Maybe there are more but I can't think of any off the top of my head. It seems every other endeavor has some trace of religion in it. I'm smiling because this really is climbing a philosophical mountain that should seem totally fruitless to those who are tradesmen. But you are projecting your values onto me. I realize that shelter and food and not philosophy are the staples of man, but I'm defective because I have it reversed. I'll trade 80 years with an architect's ruler for five minutes writing a sloppy philosophical treatise. That's me. Call me an asshole but first define "asshole."

Anyway, let's focus on Cosmetic Surgery. I can't think of anything less related to religion but I haven't dissected it for very long. I'll probably make a connection between religion and cosmetic surgery later but unless I want to write this essay for five years then I'm going to move forward. I mean the actual application of a face lift or breast implant or ass flab suction is so humanist/human/vain/egotistical/culturally derived that it's my choice as the activity that is purely human. When you listen to those who desire cosmetic surgery and those surgeons who do the surgery, there is never ever an appeal to Jesus Christ or Muhammad or Buddha. It's also a relatively recent activity and is a western endeavor. Yes, religious people must get cosmetic surgery, but I haven't seen any religious people justify it with religious arguments. It's a very human thing to be impacted by the body image/superficial values of modern cultural spin doctors. One religious argument in favor of cosmetic surgery could be that since we were made in God's image and if you have your nose blown off by a grenade then you are no longer the image of God so you need to have a plastic nose installed on your face to bring you back to the image of God. But that's a stretch because mostly it's about being publicly accepted. Like when I wear my bell bottom pants and every other person calls me an asshole or throws an aluminum can at me then it's safe to say God didn't wear Bell Bottom pants...and I should wear normal jeans to blend in. But that's crazy. My desire to fit in outweighs my desire to dress in the image of God...who probably was allergic to polyester.

Maybe we should focus even further on breast implants. That would help me move on and since I'm making the rules I get to say that the single activity that humans participate in that is devoid of religion is breast implantation. It's purely about meeting a personal ideal appearance in this earthly realm. I'm not arguing with this desire but I'm merely trying to find the one thing that we can expect to see a lot more of in a world without religion...because one could conclude that since this is an activity devoid of religion in a world with abundant religion then in a world without religion then there would be a dramatic increase.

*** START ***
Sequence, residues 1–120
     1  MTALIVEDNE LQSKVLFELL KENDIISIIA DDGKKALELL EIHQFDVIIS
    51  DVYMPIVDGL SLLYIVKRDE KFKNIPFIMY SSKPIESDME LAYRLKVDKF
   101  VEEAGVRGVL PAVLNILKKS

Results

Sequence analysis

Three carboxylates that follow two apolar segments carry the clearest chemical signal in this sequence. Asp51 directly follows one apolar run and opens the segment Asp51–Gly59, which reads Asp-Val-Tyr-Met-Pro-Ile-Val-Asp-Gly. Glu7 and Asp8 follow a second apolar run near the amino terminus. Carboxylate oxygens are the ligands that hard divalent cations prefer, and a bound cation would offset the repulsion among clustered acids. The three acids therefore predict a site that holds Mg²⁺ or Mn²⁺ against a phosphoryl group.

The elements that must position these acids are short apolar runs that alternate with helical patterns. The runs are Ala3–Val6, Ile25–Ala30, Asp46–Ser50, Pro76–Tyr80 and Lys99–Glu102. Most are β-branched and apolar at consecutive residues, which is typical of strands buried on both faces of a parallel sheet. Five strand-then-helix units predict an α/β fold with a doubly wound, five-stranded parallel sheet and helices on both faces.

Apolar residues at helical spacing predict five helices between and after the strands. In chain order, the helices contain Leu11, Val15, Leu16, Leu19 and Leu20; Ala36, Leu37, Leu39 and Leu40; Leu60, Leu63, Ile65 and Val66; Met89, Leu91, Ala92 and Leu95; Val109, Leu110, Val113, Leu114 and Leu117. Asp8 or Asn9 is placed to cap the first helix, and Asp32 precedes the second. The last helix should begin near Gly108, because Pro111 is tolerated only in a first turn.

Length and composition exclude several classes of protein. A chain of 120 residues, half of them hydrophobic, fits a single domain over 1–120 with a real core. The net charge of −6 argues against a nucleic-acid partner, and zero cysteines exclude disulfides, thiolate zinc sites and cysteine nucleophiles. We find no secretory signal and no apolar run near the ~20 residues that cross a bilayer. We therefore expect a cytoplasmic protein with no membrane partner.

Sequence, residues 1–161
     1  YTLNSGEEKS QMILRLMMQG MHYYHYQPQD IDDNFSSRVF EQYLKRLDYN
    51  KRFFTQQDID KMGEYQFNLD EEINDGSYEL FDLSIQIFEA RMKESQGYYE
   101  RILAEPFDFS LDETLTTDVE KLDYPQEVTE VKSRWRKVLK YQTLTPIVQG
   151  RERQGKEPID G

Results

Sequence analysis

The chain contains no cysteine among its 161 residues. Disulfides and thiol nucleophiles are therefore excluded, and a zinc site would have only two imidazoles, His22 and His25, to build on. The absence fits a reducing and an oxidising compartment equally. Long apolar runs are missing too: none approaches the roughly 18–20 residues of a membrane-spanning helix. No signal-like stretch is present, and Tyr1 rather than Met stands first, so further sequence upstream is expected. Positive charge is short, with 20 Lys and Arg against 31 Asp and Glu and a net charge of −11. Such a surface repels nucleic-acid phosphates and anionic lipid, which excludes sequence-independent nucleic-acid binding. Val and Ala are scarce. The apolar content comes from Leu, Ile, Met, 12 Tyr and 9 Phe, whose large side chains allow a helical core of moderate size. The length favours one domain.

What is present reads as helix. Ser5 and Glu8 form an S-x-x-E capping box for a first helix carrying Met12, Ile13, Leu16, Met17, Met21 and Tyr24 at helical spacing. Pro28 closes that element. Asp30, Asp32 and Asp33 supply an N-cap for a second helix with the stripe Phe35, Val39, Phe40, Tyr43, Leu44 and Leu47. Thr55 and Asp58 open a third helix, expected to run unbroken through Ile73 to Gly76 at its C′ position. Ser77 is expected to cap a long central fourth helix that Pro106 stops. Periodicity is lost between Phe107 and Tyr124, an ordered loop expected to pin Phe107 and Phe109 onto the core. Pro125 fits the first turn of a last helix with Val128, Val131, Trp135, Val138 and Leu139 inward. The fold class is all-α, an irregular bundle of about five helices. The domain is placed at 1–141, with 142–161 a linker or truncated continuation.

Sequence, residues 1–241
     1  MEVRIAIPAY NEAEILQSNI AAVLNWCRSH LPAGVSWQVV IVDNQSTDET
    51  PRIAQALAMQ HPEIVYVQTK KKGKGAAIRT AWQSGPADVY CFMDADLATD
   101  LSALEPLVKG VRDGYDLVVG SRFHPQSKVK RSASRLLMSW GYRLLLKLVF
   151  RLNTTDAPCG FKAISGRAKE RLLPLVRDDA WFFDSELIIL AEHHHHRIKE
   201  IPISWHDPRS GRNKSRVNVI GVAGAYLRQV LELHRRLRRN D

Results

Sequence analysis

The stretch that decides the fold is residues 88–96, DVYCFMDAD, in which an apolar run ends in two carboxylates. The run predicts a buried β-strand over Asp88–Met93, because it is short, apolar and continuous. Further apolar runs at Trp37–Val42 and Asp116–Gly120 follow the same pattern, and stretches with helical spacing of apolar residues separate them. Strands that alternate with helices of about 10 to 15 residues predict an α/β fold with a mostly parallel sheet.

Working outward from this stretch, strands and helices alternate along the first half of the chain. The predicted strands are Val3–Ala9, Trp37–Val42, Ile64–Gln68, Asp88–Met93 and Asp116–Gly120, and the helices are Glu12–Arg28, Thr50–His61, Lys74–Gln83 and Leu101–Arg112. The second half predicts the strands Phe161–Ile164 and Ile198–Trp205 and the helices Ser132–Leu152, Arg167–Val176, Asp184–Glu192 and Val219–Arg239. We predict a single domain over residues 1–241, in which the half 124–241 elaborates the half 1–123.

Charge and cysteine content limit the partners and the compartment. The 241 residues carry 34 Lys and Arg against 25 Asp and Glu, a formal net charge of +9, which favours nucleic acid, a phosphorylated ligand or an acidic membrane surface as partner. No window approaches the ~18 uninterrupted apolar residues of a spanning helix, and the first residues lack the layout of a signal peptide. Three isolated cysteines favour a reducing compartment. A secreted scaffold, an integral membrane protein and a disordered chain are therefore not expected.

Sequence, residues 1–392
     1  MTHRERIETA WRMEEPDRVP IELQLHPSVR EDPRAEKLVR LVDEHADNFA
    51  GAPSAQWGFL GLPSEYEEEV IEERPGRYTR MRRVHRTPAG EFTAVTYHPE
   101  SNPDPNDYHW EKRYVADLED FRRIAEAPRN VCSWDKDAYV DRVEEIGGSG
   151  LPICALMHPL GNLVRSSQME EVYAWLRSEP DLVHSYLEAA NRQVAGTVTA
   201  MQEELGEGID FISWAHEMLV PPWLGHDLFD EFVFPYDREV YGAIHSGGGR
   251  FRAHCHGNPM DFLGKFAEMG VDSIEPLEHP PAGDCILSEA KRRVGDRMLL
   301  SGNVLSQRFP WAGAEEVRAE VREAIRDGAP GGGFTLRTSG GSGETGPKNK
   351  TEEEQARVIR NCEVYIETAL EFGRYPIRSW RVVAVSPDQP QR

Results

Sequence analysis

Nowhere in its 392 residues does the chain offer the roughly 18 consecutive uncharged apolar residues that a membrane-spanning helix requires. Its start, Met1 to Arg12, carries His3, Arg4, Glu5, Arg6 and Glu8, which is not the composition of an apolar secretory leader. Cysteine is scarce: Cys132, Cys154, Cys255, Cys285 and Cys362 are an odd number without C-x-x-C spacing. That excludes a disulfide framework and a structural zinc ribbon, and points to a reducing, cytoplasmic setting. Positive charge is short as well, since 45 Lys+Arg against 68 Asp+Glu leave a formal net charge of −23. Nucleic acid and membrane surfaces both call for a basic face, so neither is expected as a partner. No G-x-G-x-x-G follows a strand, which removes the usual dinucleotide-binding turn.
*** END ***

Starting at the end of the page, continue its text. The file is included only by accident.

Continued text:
(If you listen to the NPR debate then my insane philosophizing will sound comparatively tame)

Can we agree that breast implantation is an activity devoid of religion? Maybe I'm missing something. If we can agree on this fundamental premise then can we then say that the world would be better with more breast implantation? Somehow that statement didn't come out like I expected. What I mean to ask is if the world would be better with more of the impulse that leads to breast implantation? Philosophically, the impulse is conformity and vanity. Women want to be a standardized shape and size, like they are parts of an automobile. This is an ungodly desire...and if Larry Flynt wrote the bible it might be in accordance with his tenets but the King James bible says nothing about breast size. So, the impulses of conformity and vanity are what we can expect more of in a world without religion.

One of the best arguments I heard in favor of the calming influence of religion was that for every murder you can attribute to some fundamental religious argument, you can find ten murders that were committed by an atheist. In other words, California prisons, the state with the most criminals in the world are not in the business of persecuting the devout. No. Not at all. The crimes they committed were not fundamentally religious in nature; their crimes were departures from their faith. You look at the Iraq it an attack on infidels by armed Christians? No, it's an attempt to secure more oil because we don't like to walk to the grocery store. The Spanish inquisition killed 2000 heathens total. In the name of atheism Pol Pot killed 3 million Cambodians. Hitler's persecution of the Jews was actually a political campaign to win the votes of the Bavarian Catholic. Hitler didn't really care for either religion but you wouldn't know it by his speeches. So was it religion that caused the Holocaust or was it an extremely selfish political campaign, the product of democracy? Did democracy cause the Holocaust?